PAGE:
Teaching

EECS 330: Human-Computer Interaction
‚Äč‚ÄčIntroduction to HCI and the process of designing computer systems to support people and organizations. The goal of this course is to understand how to surface human needs and learn how to employ a human-centered design process to build interfaces that effectively support those needs. Class discussion centers on understanding what makes interfaces effective and learning proven techniques and design principles for creating intuitive interactions. Students will work on quarter-long team projects to practice applying these design principles and evaluating their interfaces with users. Taught: Winter 2017, Winter 2018.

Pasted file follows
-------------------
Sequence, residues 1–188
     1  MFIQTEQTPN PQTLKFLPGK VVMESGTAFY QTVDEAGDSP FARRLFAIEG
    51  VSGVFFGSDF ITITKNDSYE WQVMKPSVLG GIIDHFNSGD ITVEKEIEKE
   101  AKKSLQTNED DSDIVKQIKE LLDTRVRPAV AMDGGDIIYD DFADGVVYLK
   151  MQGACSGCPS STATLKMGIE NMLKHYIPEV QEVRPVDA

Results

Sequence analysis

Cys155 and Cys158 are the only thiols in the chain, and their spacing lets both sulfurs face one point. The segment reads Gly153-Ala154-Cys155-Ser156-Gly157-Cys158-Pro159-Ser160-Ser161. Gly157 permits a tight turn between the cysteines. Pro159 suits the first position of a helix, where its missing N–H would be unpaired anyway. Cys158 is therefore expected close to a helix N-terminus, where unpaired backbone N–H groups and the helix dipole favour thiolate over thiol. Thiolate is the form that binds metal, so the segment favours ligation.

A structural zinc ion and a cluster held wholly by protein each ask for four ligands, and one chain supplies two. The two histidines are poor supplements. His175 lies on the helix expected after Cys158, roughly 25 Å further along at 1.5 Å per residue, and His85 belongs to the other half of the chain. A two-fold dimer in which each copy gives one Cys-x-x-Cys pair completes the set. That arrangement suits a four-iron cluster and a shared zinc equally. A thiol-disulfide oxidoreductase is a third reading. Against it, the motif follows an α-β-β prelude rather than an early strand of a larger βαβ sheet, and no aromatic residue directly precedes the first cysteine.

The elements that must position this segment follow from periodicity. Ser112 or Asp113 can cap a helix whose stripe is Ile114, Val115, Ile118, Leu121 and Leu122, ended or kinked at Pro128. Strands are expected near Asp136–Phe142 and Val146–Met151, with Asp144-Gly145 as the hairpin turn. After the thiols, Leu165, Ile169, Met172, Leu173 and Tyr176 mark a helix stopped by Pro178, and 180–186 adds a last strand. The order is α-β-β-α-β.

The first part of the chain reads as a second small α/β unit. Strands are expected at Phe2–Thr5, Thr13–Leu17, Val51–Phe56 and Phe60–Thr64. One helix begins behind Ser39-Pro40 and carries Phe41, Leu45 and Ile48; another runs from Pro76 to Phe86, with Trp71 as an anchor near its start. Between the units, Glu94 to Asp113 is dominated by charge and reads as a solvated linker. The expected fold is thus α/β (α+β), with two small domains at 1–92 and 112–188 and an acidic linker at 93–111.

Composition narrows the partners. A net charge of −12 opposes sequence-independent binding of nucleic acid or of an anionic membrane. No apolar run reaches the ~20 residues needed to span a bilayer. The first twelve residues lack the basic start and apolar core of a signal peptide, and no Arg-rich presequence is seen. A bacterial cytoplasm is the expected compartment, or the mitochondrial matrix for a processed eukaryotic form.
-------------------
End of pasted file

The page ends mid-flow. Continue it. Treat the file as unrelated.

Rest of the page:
EECS 397/497: Design, Technology, and Research (DTR)
Students participate in DTR through fast-paced, quarter-long programs (intended to be repeated). Students work with a mentor to identify a direction of research, explore and iterate over designs, prototype at varying fidelities, build working systems, conduct evaluative studies, and report findings through conference publications. As a cohort, students demo their prototypes, provide and receive feedback, and help each other resolve technical challenges. DTR adapts and extends agile development and design-based research practices with scrums, sprints, studio critique, design logs, and pair research. Students embraced these practices and praised their effectiveness for promoting productivity, learning, and collaboration. Co-director since Winter 2017, officially co-taught in Fall 2017.